Wide Passengers Don't Sit Well With Airlines
By SCOTT MCCARTNEY
The Wall St. Journal
The scales have tipped against oversized airline passengers, much to the glee of some frequent fliers. As travelers complain about losing any of the scant 17 inches of width they get in many coach seats, airlines are increasingly trying to force "passengers of size" to buy an extra seat when they fly. Earlier this year, UAL Corp.'s United Airlines joined Southwest Airlines Co. and several other carriers in implementing a formal policy to get obese customers into two seats instead of trying to shoehorn them into one.
"Airlines mandate that carry-ons have to fit certain sizes, so why not passengers?" says Willis Reed, a credit-union vice president who was miserable on a US Airways Group Inc. flight when the passenger beside him didn't fit into his seat.
"I was just sitting there thinking, the company paid for me to sit here, but what do I get?" Mr. Reed says. "Do I surcharge them for encroaching on my seat?"
Frequent travelers and advocates for the obese would like to see airlines offer a few rows of wider coach seats and charge extra -- just as they do with rows of expanded legroom.
Instead of six seats across a typical single-aisle plane, why not have four or five seats and charge 50% extra on a coach fare? That's still a lot less than first-class prices, and perhaps an effective way for airlines to meet a customer need while boosting revenue at the same time.
"We're willing to pay for what we are rightfully using," says Peggy Howell, spokeswoman for the National Association to Advance Fat Acceptance.
Buying two seats is a bad solution because of safety issues with seatbelts and comfort issues with armrests that don't fully retract, she notes. Plus, most people don't need two full seats. "What we really need are seats half-again as wide," she says. "Legroom is fine for nice tall men but does nothing for fat passengers who are being imposed on right now."
United, which offers extra legroom in "Economy Plus" rows to frequent fliers and customers who pay extra, says it will review the wide-seat idea.
JetBlue Airways, another airline that sells extra legroom to customers, says it hasn't considered selling extra-wide seats. JetBlue does note that its Airbus A320 aircraft have wider cabins than the comparably sized Boeing 737, so seats are more than 18 inches wide, compared with 17 inches for Boeing 737 and 757 jets. "This is one of the reasons we chose the A320," a JetBlue spokesman says.
The tight squeeze of seats on Boeing single-aisle jets has been an issue for decades.
In the 1950s, a Harvard University study of New England passenger trains concluded that the minimum acceptable seat width was 18 inches, and that was the norm on most passenger aircraft. But in 1954 the Boeing 707 was designed with a cabin allowing only 17-inch wide coach seats, needing the narrow body to give the plane the speed and range to fly coast-to-coast.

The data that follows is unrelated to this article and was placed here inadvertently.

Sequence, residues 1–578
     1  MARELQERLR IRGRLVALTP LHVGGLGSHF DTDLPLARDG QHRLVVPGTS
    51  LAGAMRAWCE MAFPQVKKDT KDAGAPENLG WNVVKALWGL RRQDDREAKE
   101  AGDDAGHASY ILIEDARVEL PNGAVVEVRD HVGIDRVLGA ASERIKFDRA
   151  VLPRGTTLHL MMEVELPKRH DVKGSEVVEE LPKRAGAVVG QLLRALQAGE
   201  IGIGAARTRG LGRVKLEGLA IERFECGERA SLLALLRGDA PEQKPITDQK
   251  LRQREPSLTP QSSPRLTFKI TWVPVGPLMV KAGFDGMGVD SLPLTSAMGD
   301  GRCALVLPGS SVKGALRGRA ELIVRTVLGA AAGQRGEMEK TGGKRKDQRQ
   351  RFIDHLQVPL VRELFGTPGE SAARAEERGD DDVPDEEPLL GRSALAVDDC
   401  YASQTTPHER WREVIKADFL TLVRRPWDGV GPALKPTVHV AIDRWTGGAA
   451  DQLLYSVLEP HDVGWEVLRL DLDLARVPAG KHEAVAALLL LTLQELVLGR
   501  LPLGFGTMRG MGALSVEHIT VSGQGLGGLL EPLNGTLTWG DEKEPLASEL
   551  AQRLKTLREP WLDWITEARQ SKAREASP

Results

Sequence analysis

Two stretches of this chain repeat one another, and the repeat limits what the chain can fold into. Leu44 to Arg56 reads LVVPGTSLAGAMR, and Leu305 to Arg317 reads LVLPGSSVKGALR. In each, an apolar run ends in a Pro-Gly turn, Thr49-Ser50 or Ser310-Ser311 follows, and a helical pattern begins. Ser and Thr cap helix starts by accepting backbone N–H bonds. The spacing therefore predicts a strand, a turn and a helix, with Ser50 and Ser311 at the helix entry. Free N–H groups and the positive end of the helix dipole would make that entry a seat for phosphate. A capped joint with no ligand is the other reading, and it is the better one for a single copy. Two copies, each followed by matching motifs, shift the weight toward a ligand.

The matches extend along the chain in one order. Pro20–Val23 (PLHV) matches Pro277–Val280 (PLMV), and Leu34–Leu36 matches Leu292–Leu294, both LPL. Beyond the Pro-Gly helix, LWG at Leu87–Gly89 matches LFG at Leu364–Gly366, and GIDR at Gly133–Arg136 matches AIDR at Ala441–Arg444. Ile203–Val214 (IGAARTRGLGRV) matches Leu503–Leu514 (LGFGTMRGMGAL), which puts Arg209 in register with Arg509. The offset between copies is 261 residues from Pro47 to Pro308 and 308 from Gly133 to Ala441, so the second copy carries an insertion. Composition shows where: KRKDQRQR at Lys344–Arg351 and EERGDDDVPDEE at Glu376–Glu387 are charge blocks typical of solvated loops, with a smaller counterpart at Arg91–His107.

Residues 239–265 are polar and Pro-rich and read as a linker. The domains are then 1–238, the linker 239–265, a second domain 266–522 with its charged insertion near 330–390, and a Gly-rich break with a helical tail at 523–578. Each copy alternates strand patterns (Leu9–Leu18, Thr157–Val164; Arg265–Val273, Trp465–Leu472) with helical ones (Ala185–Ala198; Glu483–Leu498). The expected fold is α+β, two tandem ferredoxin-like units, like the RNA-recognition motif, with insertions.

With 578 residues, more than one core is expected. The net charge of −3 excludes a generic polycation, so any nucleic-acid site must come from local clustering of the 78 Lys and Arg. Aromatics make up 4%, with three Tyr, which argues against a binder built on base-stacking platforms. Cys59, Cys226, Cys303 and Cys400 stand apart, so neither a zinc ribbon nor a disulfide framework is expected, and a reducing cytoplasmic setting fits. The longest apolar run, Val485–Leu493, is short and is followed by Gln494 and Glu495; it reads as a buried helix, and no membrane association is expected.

Boeing stuck with that layout for the 737 and 757 jets, despite complaints that coach seats were too narrow; widening aircraft adds weight and makes jets more expensive to fly. The first 737s were originally designed for short trips, so tight seating was considered adequate. Later versions had better wings and engines for longer range -- and the same 17-inch seats. There's been no accommodation for wider passengers since.
United said it received 700 complaints last year from customers who had to "share their seats with their neighbor," said spokeswoman Robin Urbanski. With those complaints rising, the airline found eight other competitors had instituted "passenger of size" policies, and so United joined in.
If a passenger doesn't fit into the confines of his or her seat, United can force the oversized customer to leave the plane and wait for another flight with two empty seats side-by-side. If the traveler doesn't want to wait on the standby list for two empty seats, United will sell a second seat at the same ticket price the customer paid.
"In the past, we re-accommodated the customer in a seat with an empty seat beside it. But if there was no empty seat, in past we said, 'Sorry, if you've got to travel, have a nice flight,' " Ms. Urbanski says.
Southwest has had a similar policy since the 1980s. "Customers of size," in Southwest parlance, can book two seats online by repeating the passenger's name with XS as a middle name for the second seat. At check-in, the customer gets a boarding pass, a Reserved Seat document to block other passengers from the extra seat during open boarding and a form for a refund if the plane doesn't oversell and the airline doesn't bump passengers.